Bring up baby - without breaking the bank
If you have a little one on the way or are planning to start a family, these top tips from consumer finance expert Julie Hutchison will help you get financially prepared for parenthood.
Royal parents may have to think about a lack of privacy, an endless supply of designer babywear and the baby's much-anticipated name, but money is not likely to be a big concern. But for most parents, bringing a baby into the world is an expensive business. It's been estimated that the first year of a baby's life can cost parents around £7,200*, but starting a family needn't break the bank.
1. Don't get carried away
While recreating your wardrobe in miniature may be hard to resist, the one thing to remember when buying for your baby is to think sensibly – and don't be tempted to pop it all on a credit card. It's likely that your baby will grow out of half of the clothes you've bought him or her even before you've finished paying for them. Challenge yourself to focus on what's essential.
2. Use childcare vouchers
Once you discover you're pregnant, it's worth checking whether your employer - or your partner's - offers a childcare voucher scheme. You can use childcare vouchers to help pay nursery or holiday club fees, which could save you thousands a year. As you can collect them until your child is 15, it can end up saving you tens of thousands of pounds, so they're worth their weight in gold!
3. One income source is tougher than two
Most couples will need to prepare for a drop in income as one of you will have to leave work, at least temporarily, but there are things you can do to cushion the blow beforehand.
The more financially prepared you can be for your new arrival, the better. Make sure you check your employer's parental leave policy to check how your finances are likely to fare during any anticipated leave. And weigh up who is going to use the parental leave. The focus isn't maternity leave now - it's an open discussion about which of the couple is best placed to use the leave available, and you can share it between you, too.
Creating a clear monthly budget is also a great place to start. Work out all of the things that are necessities, such as your mortgage, utilities and car. Then look at other non-essential expenses, such as eating out, and luxuries like make up and clothes. Speak to friends and family to estimate how much you think you will be spending additionally once the baby has arrived, then look to your current non-essential expenditures and establish what you can cut back on in advance of your baby's arrival.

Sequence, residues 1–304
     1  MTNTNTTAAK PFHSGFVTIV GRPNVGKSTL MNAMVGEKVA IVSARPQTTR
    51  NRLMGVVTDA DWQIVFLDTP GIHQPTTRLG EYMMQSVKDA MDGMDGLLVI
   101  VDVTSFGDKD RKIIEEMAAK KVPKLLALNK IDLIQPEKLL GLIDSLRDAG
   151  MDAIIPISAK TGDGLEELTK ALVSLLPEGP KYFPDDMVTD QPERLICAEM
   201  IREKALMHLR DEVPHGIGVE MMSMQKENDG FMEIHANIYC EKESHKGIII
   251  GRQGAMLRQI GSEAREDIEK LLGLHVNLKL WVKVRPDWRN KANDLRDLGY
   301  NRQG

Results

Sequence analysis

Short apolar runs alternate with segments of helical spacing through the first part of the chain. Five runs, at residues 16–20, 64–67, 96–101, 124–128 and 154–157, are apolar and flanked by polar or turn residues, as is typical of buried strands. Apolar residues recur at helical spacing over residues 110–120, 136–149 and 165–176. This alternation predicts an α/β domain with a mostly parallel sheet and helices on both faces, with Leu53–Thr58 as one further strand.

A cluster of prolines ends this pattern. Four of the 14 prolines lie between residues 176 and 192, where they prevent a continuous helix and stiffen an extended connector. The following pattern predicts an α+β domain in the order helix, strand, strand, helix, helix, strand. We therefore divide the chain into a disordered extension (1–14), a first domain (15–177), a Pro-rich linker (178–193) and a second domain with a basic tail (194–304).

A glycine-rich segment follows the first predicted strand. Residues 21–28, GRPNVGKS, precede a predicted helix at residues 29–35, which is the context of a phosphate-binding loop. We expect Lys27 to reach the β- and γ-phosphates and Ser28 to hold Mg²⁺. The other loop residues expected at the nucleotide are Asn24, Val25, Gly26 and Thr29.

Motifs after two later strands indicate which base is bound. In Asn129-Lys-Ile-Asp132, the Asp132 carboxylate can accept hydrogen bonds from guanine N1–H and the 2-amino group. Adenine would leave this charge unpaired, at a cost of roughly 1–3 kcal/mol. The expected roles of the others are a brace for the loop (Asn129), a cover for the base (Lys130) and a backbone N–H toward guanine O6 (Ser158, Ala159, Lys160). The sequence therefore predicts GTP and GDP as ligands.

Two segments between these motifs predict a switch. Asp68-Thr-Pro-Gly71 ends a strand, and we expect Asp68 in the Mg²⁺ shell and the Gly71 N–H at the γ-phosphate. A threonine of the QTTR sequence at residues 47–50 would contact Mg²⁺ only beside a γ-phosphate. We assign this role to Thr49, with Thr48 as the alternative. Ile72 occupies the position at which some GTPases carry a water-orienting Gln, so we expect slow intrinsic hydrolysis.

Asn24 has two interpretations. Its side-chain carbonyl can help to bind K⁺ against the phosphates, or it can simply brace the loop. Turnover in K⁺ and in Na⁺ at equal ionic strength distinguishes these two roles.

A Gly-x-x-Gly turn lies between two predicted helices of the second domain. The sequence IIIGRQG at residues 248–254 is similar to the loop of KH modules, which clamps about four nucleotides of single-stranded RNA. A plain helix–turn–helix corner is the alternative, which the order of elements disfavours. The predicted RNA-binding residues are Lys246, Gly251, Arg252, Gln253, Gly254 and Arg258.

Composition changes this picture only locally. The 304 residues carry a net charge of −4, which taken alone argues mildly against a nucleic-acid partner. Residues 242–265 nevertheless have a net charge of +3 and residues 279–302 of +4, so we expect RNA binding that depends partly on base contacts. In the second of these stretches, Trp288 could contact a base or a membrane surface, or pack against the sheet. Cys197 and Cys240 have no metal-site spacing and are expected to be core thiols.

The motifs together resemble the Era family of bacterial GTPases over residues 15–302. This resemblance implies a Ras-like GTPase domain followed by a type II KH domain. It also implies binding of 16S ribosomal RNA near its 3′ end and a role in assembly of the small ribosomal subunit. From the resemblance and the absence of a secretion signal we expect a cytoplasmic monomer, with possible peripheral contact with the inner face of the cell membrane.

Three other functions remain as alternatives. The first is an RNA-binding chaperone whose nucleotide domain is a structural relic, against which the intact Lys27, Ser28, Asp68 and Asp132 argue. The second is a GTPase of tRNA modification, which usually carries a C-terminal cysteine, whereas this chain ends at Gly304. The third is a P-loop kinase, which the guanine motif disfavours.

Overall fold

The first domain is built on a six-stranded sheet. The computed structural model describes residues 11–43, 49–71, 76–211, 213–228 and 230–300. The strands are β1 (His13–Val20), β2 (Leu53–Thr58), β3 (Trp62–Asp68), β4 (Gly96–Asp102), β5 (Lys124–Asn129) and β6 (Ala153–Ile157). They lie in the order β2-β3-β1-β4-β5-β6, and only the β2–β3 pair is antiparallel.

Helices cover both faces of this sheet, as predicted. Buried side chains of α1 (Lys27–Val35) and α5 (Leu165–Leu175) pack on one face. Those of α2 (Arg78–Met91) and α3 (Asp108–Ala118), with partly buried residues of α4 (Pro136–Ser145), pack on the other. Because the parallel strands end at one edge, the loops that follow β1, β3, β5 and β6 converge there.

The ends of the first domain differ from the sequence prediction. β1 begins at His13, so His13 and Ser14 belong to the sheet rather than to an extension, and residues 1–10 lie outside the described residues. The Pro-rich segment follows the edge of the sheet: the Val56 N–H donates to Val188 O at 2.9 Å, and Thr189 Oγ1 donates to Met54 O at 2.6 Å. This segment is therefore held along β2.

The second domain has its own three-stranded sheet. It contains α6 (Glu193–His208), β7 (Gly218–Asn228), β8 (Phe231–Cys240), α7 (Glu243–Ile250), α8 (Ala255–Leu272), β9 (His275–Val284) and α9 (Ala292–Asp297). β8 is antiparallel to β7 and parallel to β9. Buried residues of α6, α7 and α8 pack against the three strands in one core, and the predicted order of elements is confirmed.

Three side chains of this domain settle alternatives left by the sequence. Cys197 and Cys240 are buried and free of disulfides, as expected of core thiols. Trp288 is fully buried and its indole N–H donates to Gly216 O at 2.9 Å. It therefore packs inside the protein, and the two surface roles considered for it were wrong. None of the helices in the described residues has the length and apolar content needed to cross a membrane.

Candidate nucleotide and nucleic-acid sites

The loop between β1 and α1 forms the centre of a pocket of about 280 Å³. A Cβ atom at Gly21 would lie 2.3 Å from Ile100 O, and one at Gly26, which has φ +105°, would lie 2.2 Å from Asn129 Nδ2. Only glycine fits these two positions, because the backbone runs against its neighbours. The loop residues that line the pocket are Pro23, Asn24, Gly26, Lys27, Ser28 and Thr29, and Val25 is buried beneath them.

4. Something borrowed
The second-hand route can be an excellent way to save money. Talk to any friends and family who have recently had children and ask if they have anything they no longer need. Whether they kindly donate them for free, or you buy them at a reduced rate, you'll make huge savings. It's also worth shopping around online – sites such as eBay are full of great second hand items being sold for a fraction of their original cost.
5. Saving for your child's future
When it comes to saving for your child's future, there's no such thing as starting too soon - if you haven't already started, start now. Costs will inevitably arise out of the blue over the forthcoming years; from school trips, dinners and uniforms, to holidays and future education - it all adds up.
Anyone with dreams of their child being a future academic would also be wise to start saving as early as possible. With the National Union of Students estimating the average cost of sending a child to university in London at over £23,000 a year**, the earlier you can start saving, the better!
Parents can save tax-free for their children up to the age of 18 through a Junior ISA. The new annual tax free limit for saving into a JISA or Child Trust Fund is £4,080 from 6 April 2015 - so if you are saving monthly, that's £340 a month you can set aside, meaning you'll have a sizeable sum by the time they reach their 18th birthday. But if you're worried about your youngster getting their hands on money at the age of 18, you could also choose to save inside your own ISA – that way, you stay in control of what money gets handed over, and when.
Julie Hutchison is Standard Life's consumer finance expert.
*According to figures from Money Advice Service
**According to 2013/2014 data from the National Union of Students